SHEVS – explained easily


In case of fire, smoke and heat exhaust ventilation systems save lives. We explain how SHEVS work and what they do.


Reading time: 11:00 min.

Smoke and heat extraction systems save lives

Smoke and heat exhaust ventilation systems (SHEVS) are an important component of preventive fire protection. They serve to protect both human life and property. If SHEVS are planned correctly, they can limit damage from the maximum extent possible or even prevent it. Depending on the type of building, various legal principles, regulations and recommendations must be considered when dimensioning. Because only if SHEVS are selected properly for the type of building, smoke and heat ventilation systems will direct the dangerous fire smoke out of the building and save lives.

What exactly is a SHEV?

Smoke and heat exhaust ventilation systems save lives. In doing so, however, smoke and heat exhaust ventilation systems by no means prevent a fire. But in case of fire, they do have a considerable influence on limiting the damage and protecting the property. How does it work? Explained effortlessly, a smoke and heat exhaust system consists of individual smoke and heat exhaust units (SHEVs). SHEVS can be roof lights, glass skylights or opening vents in glass roofs and continuous roof lights - in short: openings in the roof surface that are integrated into skylight systems.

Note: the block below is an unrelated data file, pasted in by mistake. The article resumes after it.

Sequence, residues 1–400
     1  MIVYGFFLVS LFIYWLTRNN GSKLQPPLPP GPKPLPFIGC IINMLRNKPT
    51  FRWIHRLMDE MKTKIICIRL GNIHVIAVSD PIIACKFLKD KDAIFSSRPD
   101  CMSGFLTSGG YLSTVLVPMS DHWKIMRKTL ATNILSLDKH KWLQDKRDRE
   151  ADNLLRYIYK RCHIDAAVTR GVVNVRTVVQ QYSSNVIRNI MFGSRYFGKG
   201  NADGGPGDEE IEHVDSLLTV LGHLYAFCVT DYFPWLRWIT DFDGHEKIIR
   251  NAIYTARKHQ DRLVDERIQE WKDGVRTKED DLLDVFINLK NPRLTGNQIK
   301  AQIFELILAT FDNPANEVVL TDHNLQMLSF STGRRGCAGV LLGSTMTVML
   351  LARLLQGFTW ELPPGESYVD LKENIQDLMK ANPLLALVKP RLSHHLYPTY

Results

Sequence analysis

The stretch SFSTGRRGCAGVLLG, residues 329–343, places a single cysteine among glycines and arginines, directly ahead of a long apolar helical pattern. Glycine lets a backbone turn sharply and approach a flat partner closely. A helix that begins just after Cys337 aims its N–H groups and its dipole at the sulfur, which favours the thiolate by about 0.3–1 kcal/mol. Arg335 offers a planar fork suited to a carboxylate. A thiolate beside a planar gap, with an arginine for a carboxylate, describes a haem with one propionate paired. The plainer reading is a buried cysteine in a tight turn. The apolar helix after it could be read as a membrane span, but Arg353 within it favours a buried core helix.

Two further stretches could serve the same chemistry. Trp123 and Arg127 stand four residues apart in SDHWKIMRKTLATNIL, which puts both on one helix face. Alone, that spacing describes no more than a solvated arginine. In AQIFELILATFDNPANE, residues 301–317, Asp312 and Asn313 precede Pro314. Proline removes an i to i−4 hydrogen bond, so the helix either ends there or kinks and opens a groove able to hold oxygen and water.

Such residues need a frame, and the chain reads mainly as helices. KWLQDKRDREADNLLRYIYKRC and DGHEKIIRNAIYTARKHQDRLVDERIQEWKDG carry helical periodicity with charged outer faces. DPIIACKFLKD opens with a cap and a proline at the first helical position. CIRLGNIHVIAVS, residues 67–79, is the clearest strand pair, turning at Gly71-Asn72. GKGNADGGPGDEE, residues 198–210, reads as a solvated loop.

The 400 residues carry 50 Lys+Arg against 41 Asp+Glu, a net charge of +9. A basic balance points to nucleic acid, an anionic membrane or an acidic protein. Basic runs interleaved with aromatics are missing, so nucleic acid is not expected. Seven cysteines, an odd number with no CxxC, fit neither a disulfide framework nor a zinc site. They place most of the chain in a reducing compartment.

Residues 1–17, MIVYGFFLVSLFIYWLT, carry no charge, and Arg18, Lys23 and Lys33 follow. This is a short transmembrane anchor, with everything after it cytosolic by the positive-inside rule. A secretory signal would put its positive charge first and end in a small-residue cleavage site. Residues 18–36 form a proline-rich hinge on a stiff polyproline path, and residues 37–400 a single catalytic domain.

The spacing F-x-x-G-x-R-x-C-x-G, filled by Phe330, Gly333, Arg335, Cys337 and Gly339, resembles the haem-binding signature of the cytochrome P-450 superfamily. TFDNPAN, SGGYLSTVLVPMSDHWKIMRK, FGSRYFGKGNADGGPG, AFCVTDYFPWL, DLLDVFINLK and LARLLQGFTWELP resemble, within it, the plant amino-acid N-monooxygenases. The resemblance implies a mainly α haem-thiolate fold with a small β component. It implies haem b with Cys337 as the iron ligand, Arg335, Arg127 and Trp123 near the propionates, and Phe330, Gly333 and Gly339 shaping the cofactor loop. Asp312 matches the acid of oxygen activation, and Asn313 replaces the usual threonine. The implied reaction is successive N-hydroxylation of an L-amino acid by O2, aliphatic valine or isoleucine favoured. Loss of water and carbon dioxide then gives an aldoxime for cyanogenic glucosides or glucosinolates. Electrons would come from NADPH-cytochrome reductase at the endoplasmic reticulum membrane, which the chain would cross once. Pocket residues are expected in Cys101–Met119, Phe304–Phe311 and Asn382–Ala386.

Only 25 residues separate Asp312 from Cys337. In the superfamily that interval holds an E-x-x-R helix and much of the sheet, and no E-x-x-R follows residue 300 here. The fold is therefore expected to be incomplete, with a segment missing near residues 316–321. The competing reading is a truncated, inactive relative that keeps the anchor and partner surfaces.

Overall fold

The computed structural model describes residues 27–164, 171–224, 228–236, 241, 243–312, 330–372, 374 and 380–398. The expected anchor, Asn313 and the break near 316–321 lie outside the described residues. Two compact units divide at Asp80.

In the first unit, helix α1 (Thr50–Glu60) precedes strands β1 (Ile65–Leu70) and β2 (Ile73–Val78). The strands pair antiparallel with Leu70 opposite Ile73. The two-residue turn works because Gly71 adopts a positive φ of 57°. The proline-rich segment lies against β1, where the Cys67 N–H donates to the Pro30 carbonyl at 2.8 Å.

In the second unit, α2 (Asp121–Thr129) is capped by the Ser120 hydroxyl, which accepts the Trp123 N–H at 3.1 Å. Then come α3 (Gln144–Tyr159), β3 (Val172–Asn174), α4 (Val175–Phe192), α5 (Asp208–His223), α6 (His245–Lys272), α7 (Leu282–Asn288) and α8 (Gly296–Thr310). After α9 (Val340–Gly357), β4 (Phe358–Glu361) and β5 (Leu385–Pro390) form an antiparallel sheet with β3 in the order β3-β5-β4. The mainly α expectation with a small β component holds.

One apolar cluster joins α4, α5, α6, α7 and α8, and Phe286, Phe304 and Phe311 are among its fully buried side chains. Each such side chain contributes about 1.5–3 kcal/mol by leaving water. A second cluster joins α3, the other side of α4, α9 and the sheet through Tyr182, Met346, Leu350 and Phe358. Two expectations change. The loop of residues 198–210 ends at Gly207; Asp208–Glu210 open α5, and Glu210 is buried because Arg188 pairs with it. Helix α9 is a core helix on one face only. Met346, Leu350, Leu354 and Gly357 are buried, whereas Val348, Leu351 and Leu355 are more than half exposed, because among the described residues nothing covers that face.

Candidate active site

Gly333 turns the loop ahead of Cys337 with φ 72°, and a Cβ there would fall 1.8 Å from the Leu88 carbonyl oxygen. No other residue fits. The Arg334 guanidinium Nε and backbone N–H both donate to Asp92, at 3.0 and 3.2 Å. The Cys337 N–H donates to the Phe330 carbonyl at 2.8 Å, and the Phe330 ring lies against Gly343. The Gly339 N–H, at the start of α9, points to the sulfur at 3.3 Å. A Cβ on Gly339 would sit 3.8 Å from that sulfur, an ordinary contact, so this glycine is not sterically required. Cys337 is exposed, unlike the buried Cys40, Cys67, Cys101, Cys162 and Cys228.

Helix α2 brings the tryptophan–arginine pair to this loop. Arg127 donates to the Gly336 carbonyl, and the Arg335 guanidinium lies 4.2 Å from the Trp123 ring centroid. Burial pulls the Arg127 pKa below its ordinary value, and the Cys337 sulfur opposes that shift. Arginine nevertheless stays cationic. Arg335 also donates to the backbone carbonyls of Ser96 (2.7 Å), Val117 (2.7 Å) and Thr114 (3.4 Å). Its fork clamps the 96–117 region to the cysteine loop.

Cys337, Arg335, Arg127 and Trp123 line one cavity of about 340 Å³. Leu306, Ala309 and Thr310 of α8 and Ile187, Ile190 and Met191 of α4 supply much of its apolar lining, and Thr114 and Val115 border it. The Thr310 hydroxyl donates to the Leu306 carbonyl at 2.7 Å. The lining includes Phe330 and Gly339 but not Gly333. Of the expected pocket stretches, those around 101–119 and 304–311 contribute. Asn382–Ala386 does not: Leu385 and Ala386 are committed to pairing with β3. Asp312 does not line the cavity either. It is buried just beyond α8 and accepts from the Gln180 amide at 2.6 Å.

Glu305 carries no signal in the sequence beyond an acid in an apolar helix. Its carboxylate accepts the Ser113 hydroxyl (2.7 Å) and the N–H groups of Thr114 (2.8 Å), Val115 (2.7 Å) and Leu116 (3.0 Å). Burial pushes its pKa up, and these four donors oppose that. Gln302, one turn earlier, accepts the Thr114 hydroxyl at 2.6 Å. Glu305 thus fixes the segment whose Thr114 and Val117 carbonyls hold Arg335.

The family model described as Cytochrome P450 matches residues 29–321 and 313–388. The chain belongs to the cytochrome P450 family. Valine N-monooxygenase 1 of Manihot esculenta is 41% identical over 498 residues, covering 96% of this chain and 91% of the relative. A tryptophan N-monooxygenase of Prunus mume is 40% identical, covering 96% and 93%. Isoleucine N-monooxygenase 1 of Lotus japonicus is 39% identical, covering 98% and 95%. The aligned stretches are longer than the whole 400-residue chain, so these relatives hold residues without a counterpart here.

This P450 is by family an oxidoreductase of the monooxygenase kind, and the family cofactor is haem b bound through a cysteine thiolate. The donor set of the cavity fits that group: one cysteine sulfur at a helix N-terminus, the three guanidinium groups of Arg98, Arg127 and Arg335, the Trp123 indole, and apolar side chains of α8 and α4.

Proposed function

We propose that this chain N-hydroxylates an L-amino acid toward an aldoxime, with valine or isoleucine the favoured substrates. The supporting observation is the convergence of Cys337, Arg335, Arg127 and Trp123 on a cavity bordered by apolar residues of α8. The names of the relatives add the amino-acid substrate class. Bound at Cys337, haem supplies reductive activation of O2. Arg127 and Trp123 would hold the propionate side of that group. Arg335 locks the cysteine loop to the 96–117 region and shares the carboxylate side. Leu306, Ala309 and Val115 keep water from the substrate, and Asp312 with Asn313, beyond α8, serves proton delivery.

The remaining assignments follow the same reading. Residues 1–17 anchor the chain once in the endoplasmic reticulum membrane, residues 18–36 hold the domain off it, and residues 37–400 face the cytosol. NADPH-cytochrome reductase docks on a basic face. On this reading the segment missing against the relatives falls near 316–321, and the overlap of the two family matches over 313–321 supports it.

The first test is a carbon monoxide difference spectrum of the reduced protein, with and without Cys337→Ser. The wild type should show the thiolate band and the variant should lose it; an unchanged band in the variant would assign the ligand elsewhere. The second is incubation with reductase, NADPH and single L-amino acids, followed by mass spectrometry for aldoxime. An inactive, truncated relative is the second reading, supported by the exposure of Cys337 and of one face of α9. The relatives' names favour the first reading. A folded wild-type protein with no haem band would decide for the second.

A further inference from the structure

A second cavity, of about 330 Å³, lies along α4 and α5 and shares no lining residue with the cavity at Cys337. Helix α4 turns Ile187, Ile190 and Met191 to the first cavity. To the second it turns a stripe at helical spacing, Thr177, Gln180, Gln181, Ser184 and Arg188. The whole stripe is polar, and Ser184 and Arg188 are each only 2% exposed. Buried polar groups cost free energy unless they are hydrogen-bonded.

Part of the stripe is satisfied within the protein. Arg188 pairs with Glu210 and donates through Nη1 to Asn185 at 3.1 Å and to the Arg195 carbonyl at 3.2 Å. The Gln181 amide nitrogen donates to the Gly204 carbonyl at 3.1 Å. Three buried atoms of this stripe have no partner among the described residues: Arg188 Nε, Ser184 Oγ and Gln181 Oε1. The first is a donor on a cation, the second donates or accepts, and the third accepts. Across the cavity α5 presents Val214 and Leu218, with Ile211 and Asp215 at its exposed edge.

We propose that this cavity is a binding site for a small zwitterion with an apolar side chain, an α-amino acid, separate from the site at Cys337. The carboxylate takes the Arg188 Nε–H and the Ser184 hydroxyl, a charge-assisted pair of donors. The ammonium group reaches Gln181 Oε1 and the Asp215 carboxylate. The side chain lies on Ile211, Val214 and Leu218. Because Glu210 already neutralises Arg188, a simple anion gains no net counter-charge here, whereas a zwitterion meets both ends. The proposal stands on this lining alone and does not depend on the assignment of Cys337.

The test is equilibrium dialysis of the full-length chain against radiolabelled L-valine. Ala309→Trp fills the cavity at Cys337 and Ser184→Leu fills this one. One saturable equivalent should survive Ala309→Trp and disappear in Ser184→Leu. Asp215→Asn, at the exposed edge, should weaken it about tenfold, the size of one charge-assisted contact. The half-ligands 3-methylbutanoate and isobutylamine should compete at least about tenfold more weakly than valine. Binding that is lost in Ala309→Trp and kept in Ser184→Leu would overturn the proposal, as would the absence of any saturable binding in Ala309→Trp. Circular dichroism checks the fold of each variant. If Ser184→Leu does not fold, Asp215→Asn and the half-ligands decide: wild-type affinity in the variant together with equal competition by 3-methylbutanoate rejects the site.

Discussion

These open automatically or manually in case of fire, forming exhaust openings to release smoke and fire gases through the roof. In addition, a smoke and heat ventilation system can include supply air openings in the lower wall area, fire detection elements, activation or release devices, opening units, power supply lines and smoke aprons in case of larger rooms. What exactly is behind a smoke apron is explained later in this article in connection with the low-smoke layer.

SHEVS must be dimensioned in a way that all smoke and fire gases are removed as quickly as possible and cannot completely fill the room in case of fire. The primary goal is to always create a smoke-free zone on the floor. How the SHEV system must be designed and how the individual smoke exhaust units must be arranged depends on the size, type and use of the building.

How is a SHEV dimensioned?